Bollinger is aware of this and other contradictions. He writes: ‘Though driven by high ideals, this group could also be blind to its own shortcomings, and the search for a new consciousness was not without its casualties’. The passage of time helps in these assessments, especially when it comes to evaluating the male-dominated Kiwi counterculture’s attitudes to women. One of the most entertaining sections in the book concerns the famous 1972 visit by Germaine Greer, when she was arrested for using indecent language at the Auckland Town Hall, and male celebrities Shadbolt and Brian Edwards confessed to chauvinistic feelings about her (Edwards wrote that he fantasised about mastering ‘this feminist upstart intellectually, emotionally, or sexually’). As for Greer’s lasting impression of New Zealand? ‘I have never seen so much bullshit before’, she said. Meanwhile, beat poets Ginsberg and Ferlinghetti sent an urgent telegram to New Zealand Prime Minister Jack Marshall, accusing the police of ‘mind rape’. One can only wonder what the conservative, gentlemanly, 60-year-old Marshall made of that accusation.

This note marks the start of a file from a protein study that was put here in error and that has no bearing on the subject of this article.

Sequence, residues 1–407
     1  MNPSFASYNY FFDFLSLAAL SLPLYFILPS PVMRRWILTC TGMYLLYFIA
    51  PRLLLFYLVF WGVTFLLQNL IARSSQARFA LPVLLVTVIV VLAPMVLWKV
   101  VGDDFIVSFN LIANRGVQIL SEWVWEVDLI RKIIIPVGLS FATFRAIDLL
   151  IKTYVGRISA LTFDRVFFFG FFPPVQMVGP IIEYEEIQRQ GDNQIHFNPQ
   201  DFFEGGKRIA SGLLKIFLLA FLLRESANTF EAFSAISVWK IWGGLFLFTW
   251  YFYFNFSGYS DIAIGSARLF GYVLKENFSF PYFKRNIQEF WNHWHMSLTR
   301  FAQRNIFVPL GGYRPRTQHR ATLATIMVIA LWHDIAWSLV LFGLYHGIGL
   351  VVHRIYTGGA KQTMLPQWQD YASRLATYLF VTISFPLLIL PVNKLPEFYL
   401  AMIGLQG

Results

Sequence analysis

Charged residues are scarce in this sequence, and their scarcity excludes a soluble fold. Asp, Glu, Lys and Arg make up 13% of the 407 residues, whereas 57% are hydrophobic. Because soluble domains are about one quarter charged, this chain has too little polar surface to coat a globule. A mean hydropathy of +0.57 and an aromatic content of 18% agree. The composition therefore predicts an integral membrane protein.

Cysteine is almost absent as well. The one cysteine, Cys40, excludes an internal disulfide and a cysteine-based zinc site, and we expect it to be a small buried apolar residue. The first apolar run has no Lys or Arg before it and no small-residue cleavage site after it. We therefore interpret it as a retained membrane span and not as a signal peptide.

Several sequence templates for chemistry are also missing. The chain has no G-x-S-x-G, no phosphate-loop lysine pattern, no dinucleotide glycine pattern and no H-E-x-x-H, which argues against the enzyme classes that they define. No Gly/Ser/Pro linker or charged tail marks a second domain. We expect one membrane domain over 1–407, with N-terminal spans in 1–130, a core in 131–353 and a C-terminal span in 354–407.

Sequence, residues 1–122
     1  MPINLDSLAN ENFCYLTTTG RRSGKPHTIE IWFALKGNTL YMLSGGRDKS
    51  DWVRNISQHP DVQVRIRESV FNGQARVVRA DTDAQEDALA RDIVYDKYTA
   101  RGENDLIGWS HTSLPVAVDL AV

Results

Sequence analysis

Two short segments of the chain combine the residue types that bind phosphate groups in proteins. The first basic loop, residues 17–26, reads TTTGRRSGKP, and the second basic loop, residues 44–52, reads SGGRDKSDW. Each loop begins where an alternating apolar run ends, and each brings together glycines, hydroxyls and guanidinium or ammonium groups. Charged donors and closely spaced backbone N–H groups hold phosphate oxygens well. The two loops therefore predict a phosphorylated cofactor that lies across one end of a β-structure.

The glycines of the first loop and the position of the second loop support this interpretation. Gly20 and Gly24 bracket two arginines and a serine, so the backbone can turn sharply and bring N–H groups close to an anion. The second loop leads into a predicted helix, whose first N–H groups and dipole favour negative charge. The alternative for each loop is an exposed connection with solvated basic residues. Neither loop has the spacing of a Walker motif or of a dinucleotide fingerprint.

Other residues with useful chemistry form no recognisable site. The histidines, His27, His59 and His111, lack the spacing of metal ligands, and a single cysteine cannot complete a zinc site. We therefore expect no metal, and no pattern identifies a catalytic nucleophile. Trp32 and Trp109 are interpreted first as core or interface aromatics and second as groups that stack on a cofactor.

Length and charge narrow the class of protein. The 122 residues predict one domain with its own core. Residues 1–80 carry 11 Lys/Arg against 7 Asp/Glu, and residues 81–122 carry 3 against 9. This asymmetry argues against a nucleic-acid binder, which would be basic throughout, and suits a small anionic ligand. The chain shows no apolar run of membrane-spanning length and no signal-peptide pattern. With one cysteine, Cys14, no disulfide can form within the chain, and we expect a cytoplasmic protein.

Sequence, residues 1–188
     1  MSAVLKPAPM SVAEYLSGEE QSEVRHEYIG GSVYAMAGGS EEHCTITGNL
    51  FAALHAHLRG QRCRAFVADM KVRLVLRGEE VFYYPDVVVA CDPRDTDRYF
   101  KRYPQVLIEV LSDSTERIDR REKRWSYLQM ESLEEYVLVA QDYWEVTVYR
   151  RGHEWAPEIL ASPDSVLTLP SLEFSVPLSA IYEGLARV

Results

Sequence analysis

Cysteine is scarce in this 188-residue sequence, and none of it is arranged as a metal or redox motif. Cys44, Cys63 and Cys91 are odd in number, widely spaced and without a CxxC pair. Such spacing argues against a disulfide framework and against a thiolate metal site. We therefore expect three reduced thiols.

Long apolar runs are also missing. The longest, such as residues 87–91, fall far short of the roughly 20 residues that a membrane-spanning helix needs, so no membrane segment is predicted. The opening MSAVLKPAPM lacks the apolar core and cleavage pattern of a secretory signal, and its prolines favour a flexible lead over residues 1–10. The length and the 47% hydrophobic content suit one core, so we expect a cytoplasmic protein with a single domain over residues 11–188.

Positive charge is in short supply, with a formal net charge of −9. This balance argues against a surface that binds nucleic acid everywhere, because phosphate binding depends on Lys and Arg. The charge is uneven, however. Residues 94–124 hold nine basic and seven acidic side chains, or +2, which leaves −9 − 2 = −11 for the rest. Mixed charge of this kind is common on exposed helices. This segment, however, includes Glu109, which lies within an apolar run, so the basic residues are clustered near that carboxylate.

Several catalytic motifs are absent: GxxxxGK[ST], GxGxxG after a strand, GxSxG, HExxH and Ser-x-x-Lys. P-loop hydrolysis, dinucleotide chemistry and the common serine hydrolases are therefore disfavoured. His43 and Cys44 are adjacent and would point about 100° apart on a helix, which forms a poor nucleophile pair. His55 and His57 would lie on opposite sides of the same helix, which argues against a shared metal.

At times like these, including when the musical Hair was charged with indecency in 1972, New Zealand does indeed look like a backwater, with an imitative counterculture that was a few years behind the times. But Bollinger locates specifically New Zealand strands, such as Baxter’s communal-religious experiment at Jerusalem, the Ohu Scheme to create state-sanctioned communes under the Norman Kirk government, and the way that the counterculture supported Māori and Polynesian activism. Inspired by the Black Panthers, Auckland’s Polynesian Panthers were pioneers in urban community engagement. The adoption of musician Jimi Hendrix as an indigenous hero was another intriguing local variation. There were a handful of Māori imitators such as Reno Tehei and Billy Te Kahika and an appealing but fanciful urban legend about whether Hendrix was himself part-Māori. As Bollinger writes, ‘The Māori Hendrix was a phenomenon that outlived Hendrix himself’. Later in the 70s, the attention would switch to Bob Marley.